StateBar Attendants and BaristasAll Jobs Average
    NSW37.531.6
    VIC20.325.6
    QLD21.620.0
    SA6.27.0
    WA9.810.8
    TAS1.92.0
    NT0.71.0
    ACT2.01.9

    Age Profile

    Age Profile (% Share)

    Source: Based on ABS Census 2016, Customised Report. Age profile of workers in this job compared to the all jobs average.
    Age BracketBar Attendants and BaristasAll Jobs AverageAll Jobs Average
    15-1915.8-5.05.0
    20-2436.0-9.39.3
    25-3426.7-22.922.9
    35-449.4-22.022.0
    45-546.9-21.621.6
    55-592.7-9.09.0
    60-641.7-6.06.0
    65 and Over1.0-4.24.2

    Education Level

    Highest Level of Education (% Share)

    Source: ABS Census 2016, Customised Report. Highest qualification completed by workers in this job (in any field of study). Qualifications needed by new workers might be different from the qualifications of workers already in the job.
    Type of QualificationBar Attendants and BaristasAll Jobs AverageAll Jobs Average
    Post Graduate/Graduate Diploma or Graduate Certificate1.8-10.110.1
    Bachelor degree11.1-21.821.8
    Advanced Diploma/Diploma8.5-11.611.6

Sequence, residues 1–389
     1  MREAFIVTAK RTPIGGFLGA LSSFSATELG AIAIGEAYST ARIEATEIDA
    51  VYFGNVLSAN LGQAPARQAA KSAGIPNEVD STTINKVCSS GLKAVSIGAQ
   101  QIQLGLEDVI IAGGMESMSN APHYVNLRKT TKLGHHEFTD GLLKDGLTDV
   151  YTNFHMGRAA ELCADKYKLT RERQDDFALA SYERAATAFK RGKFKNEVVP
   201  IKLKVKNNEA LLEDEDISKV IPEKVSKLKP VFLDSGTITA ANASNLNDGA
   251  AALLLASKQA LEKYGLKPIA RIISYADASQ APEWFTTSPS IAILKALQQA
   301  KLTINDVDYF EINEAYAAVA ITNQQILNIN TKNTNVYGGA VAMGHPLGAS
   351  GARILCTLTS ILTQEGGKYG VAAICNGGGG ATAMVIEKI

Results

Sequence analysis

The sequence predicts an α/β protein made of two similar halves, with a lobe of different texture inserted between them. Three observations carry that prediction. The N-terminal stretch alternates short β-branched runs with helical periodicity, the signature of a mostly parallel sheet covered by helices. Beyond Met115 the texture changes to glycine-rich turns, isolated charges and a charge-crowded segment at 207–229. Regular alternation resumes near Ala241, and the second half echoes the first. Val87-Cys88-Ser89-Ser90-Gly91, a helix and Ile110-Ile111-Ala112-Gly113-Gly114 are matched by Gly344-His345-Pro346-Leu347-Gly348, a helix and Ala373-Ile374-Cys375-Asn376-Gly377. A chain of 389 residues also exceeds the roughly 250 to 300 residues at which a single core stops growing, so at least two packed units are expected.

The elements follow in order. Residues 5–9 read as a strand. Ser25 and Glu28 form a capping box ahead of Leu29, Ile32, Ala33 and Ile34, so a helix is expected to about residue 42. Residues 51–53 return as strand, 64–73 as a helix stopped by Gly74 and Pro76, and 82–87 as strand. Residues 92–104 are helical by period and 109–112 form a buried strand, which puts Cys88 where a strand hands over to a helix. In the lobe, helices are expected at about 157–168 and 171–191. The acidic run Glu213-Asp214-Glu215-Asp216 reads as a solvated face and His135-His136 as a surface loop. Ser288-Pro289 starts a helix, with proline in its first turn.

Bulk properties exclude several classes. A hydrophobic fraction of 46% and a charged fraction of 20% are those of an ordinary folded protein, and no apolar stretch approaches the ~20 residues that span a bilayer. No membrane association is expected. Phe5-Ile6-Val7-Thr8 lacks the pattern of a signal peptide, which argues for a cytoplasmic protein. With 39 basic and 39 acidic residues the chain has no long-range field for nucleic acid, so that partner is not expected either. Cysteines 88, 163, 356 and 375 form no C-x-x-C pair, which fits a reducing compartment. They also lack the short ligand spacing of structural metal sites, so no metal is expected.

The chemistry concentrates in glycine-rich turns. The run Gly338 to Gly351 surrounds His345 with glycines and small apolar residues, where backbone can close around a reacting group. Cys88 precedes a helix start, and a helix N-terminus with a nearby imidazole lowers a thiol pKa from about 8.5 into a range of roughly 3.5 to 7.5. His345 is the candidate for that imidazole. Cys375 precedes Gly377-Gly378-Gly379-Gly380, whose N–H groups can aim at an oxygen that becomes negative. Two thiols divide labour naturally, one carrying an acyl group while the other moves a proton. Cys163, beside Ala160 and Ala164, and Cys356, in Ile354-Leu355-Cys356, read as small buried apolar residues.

Certificate III/IV14.6-21.121.1
    Year 1245.7-18.118.1
    Year 116.3-4.84.8
    Year 10 and below12.1-12.512.5

    You can work as a Bar Attendant or Barista without formal qualifications. Some on the job training may be provided. Training is also available through VET (Vocational Education and Training).

    Checks, licences and tickets

    You may need:

    • responsible service of alcohol (RSA) certificate
    • responsible service of gambling certificate

    Thinking about study or training?

    Before starting a course, check it will provide you with the skills and qualifications you need.

    • Compare Vocational Education and Training (VET) courses, providers and student outcomes on the My Skills website.
    • You might be interested in Tourism, Travel and Hospitality VET training pathways on the AAPathways website.

    Or check out related courses on Job Outlook.

    Useful links and resources


    The course listings on this page are provided by Good Education Group.

    Employers look for Bar Attendants and Baristas with good interpersonal skill, are well presented and provide good customer service.

    Filter Skills & Knowledge

    Knowledge

    These are important topics, subjects or knowledge areas.